Stipe produced Chesnutt’s first two albums, “Little” and “West of Rome,” both focusing on Chesnutt’s songwriting and guitar and vocal abilities. His ability to intertwine desolation and humor won him a dedicated following, and today, fans clamor for Chesnutt’s attention, as they did at the recent South-by-Southwest Music Festival in Austin, Texas, desiring only to share a momentary connection with the man they consider a genius.
“They tell me, ‘Your songs are so real … you say things that nobody else would ever say … nobody would ever use that word in a song,’” Chesnutt said. “They say that my songs, when they’re very depressed, make them feel good and give them some kind of hope. I don’t know if they think, ‘I’m not as miserable as he is,’ but I think it has something to do with the fact that even in my sad songs, there’s a little bit of a joke in there, at least at one point.
“My songs have got to have at least one joke in them, even saddest ones. I don’t want to point them out, though. Sometimes you’ve got to listen to find them.”
In 1992, New York filmmaker Pete Sillen made a documentary about Chesnutt, titled “Speed Racer.” He recorded the album “Drunk” in 1993, so titled because rumor has it he was inebriated during the sessions. In 1995, “Is the Actor Happy” featured his wife, Tina, on bass and carries a more grunge-oriented sound, influenced by Chesnutt’s opening dates for the alternative rock band Live.
In 1996, “Sweet Relief II: Gravity of the Situation — The Songs of Vic Chesnutt,” a benefit album for musicians with financial and medical difficulties, was released, featuring Chesnutt songs by R.E.M., Live, Soul Asylum, Smashing Pumpkins and Madonna. The project gave him wider recognition and led to a major label deal. “About To Choke” was released on Capitol that same year, connecting his various musical styles in a watershed album.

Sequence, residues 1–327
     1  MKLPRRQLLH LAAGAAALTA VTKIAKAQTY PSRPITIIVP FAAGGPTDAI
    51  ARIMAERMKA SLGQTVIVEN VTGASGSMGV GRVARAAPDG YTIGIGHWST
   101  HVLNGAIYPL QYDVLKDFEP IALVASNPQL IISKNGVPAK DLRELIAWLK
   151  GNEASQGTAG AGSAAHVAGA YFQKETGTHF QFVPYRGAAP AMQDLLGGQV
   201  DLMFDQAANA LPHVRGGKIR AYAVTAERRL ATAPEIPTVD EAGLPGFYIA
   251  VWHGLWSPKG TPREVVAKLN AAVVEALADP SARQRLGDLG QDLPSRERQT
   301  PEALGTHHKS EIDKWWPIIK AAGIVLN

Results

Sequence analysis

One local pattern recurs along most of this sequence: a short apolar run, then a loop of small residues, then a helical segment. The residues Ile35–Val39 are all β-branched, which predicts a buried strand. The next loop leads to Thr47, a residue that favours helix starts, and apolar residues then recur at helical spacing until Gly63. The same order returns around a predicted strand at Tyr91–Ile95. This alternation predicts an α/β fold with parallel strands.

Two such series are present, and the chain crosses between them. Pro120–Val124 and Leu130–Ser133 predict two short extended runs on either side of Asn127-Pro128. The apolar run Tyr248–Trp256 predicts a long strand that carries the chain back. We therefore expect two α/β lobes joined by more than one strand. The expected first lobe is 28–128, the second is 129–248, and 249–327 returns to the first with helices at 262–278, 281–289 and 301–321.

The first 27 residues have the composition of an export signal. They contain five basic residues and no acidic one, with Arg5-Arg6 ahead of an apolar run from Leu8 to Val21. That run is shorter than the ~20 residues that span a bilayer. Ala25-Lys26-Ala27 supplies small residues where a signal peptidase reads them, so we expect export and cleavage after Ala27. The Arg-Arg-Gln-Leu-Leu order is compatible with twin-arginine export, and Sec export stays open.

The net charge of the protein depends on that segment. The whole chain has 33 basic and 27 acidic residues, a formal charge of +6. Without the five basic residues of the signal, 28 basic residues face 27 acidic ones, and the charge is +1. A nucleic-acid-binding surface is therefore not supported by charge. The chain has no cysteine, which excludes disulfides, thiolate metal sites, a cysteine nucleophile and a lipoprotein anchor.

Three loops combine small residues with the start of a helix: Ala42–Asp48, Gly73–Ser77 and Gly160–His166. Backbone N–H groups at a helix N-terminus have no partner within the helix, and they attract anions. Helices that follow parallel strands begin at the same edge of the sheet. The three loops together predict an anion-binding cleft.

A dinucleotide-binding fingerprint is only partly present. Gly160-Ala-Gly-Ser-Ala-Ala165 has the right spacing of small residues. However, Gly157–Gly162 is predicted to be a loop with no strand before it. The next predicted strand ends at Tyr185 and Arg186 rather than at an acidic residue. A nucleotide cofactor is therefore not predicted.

He followed it up with what’s considered his best effort: “The Salesman and Bernadette,” released in 1998. Recorded with the band Lambchop and alternative-country siren Emmylou Harris on one track, the music takes elements of folk, country, blues, lounge jazz and soul, throws in a variety of instruments and tells the story of a down-on-his-luck salesman seeking physical gratification and guidance from Bernadette.
Several other albums followed, and earlier this year, “Silver Lake” was released on the New West label (Capricorn dropped him after disappointing sales of “The Salesman and Bernadette”). Artistically, it’s another milestone for him — recorded in the Silver Lake community of Los Angeles, it features a slicker production and denser sound than the raw efforts of his earlier albums.
The change, spurred by the involvement of producer Mark Howard, even make Chesnutt himself uncomfortable at first.
“It’s a different kind of record than I wanted to make,” he said. “I wanted to make an arty-farty, fruity-tooty orchestra record kind of deal, not a rock record, which is probably a bad idea. The trepidation I was expressing before in other interviews comes from still being pouty about not making this Lawrence Welk [crap] that I wanted to make.